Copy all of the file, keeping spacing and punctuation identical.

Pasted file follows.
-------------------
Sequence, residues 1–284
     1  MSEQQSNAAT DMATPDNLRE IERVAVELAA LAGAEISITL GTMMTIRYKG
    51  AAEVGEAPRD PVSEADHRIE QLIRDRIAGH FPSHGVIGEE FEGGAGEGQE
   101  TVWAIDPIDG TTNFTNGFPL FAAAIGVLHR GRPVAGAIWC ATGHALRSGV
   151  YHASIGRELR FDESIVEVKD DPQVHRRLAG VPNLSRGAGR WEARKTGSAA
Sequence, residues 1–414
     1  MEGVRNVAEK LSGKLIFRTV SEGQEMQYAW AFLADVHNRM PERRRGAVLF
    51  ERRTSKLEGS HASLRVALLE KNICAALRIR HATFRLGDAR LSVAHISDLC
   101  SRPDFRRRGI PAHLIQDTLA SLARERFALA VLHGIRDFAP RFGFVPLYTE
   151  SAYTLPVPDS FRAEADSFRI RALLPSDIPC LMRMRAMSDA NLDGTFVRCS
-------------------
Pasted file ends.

Sequence, residues 1–284
     1  MSEQQSNAAT DMATPDNLRE IERVAVELAA LAGAEISITL GTMMTIRYKG
    51  AAEVGEAPRD PVSEADHRIE QLIRDRIAGH FPSHGVIGEE FEGGAGEGQE
   101  TVWAIDPIDG TTNFTNGFPL FAAAIGVLHR GRPVAGAIWC ATGHALRSGV
   151  YHASIGRELR FDESIVEVKD DPQVHRRLAG VPNLSRGAGR WEARKTGSAA
Sequence, residues 1–414
     1  MEGVRNVAEK LSGKLIFRTV SEGQEMQYAW AFLADVHNRM PERRRGAVLF
    51  ERRTSKLEGS HASLRVALLE KNICAALRIR HATFRLGDAR LSVAHISDLC
   101  SRPDFRRRGI PAHLIQDTLA SLARERFALA VLHGIRDFAP RFGFVPLYTE
   151  SAYTLPVPDS FRAEADSFRI RALLPSDIPC LMRMRAMSDA NLDGTFVRCS